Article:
While some have heralded the CowParade as a way to increase exposure for the arts, Atlanta's arts community benefits only tangentially from the project, which pays artists $1,000 to decorate individual cows, which are then auctioned off in October.
While the arts remain consistently underfunded in Atlanta, the CowParade is the kind of "virtual" art advocacy even city boosters and corporations can get behind: It generates tourist revenue and gives a terminally image-conscious city like Atlanta a sense of connection with the other big cities that have participated.
More than art, the CowParade brings to mind the Olympics, which also spoke in similar terms about enhancing Atlanta's global status and generating tourist income but often demonstrated small-minded thinking and corporate greed in a bid to make a buck from that cash cow. Atlanta's participation in the CowParade reiterates its terminal teenage neurosis as a town that courts legitimacy by nurturing insubstantial things like "image" while neglecting more lasting things like a fertile arts community.
But trying to tailor an individual artist's expression to a manufactured fiberglass mold with no apparent relevance to Atlanta (beyond the embrace of meat-eating) seems a paltry way of recognizing the particular talents and achievements of the local art scene. And despite paying lip service to self-expression, the CowParade has already shown where its true interests lie: in upbeat cows like the red, white and blue "Americow the Beautiful," the gumball machine cow, the Wizard of Oz and Gladiator cows of past parades. The CowParade reinforces an idea that art is all about pleasing, amusing and delighting viewers, rather than challenging them, as the refusal of a cow designed by PETA and the censorship of David Lynch's cow from the New York CowParade proved.
Decapitated and pierced with knives, Lynch's cow was deemed unacceptable for the CowParade NYC 2000. So much for artistic expression.
Like the CowParade, it is the showy demonstrations and big events that often command attention, but nothing demonstrated the eloquence of small, quiet endeavors as well as Atlanta College of Art student Hope Hilton's recent thesis show The Turn of the Screw, which appeared, along with ACA student Anna Watson's work, at Gallery 100. The show was a quiet protest against war using the material of family history, featuring small photographs mounted on wood in a shocking contrast to photography's recent emphasis on monumental works.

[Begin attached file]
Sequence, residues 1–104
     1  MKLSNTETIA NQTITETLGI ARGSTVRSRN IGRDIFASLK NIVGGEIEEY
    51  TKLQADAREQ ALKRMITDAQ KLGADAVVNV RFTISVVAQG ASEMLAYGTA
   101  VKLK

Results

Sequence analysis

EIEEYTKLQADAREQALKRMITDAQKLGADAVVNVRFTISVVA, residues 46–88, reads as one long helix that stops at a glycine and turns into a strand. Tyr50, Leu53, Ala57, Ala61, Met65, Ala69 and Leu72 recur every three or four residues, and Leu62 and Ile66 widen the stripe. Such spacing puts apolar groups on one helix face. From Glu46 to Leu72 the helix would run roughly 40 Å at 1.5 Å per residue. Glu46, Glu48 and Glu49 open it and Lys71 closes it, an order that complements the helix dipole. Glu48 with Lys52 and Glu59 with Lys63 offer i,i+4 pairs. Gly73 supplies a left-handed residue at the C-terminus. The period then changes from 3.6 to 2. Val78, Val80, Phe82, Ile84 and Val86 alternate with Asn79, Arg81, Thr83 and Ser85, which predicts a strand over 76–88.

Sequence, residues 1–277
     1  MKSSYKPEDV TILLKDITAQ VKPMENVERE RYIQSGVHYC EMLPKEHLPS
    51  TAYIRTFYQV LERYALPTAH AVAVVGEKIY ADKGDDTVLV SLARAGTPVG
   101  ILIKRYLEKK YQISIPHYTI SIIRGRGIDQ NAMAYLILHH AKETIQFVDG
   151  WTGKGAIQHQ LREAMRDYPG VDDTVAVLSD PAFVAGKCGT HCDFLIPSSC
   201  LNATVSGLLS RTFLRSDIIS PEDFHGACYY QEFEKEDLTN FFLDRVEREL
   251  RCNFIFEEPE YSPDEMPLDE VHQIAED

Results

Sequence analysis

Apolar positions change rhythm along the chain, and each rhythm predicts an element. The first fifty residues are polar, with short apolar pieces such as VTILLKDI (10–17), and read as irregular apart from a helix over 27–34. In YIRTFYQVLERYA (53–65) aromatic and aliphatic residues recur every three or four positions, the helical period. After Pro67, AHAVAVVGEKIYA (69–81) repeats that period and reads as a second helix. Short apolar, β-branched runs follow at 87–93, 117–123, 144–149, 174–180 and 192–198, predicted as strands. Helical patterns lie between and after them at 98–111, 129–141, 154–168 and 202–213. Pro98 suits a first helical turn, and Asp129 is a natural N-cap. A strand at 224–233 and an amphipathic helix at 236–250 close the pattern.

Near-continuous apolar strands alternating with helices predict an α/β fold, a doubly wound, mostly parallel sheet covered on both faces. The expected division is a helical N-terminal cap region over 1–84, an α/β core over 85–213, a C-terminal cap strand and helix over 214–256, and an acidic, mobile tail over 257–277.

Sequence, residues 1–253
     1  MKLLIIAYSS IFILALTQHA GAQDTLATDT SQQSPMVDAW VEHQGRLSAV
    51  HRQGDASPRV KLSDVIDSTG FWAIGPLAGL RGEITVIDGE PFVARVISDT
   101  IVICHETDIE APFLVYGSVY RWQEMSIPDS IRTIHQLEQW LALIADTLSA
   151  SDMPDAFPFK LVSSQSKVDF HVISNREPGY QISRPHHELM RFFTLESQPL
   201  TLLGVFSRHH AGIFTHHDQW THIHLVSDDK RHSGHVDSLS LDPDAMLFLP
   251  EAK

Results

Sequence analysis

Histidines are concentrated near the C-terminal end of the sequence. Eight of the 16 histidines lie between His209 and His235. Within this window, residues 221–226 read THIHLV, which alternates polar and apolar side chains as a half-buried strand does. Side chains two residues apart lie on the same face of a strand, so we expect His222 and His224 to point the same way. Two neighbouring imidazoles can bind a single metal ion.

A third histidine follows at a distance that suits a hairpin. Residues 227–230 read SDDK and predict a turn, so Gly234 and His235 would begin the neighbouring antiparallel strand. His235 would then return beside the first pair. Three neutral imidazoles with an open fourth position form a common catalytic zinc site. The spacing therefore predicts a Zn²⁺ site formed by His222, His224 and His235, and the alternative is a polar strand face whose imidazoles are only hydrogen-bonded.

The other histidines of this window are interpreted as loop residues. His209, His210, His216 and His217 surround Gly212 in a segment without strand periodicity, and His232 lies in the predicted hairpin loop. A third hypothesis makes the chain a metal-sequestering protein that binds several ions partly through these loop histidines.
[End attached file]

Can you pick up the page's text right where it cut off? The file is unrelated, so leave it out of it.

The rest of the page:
The work centers on Hilton's 20-year-old younger brother, Ryan, currently stationed in the Middle East and pictured in this heartbreaking series as an empty space in family photographs, his body carefully cut out and transposed to a map of the Middle East far away. Ryan joined the Marine reserves out of high school to pay for college and got out of boot camp the day before 9-11. Hilton began the work just one month ago, inspired by the sudden shock of her brother's shipment to the Middle East.
"So it's very personal," says Hilton in a wavering voice. "I was trying to think of how I could share it with people because it's really important to me that it be made real to a lot more people than it is.
"War happens to real people and it's not just in the news," says Hilton.
At the show's opening Hilton braced herself for anger or arguments about the war. Instead, "I had a few people telling me they thought my brother was really courageous and that they were happy he's in the military."
Hilton found those comments especially ironic because, she says, "I know he's scared to death."
Hilton's work will be featured in the forthcoming Atlanta Biennial at the Atlanta Contemporary Art Center March 22-June 7, as well as in a group show at Grant Park's new artist-run Dos Pestaneos Gallery in the Eyedrum complex April 5-May 8.
Another notable offering from the Atlanta College of Art is the gallery's current group show Lick the Window, which continues through March 9. Featuring the deliciously silly, prankish and smart work of the 80-member Bordeaux, France, art collective Buy-Sellf, the show lampoons our slavish devotion to a vacuous global culture of blockbuster movies, Coca-Cola and video games. Like some cross-eyed love child of the avant-garde and pop culture, Dada and "America's Funniest Home Videos," this ultra-clever exhibition uses the material of the status quo to sucker punch the very culture it so head-shakingly inhabits.
For Art's Sake is a bi-weekly column covering the local art scene.
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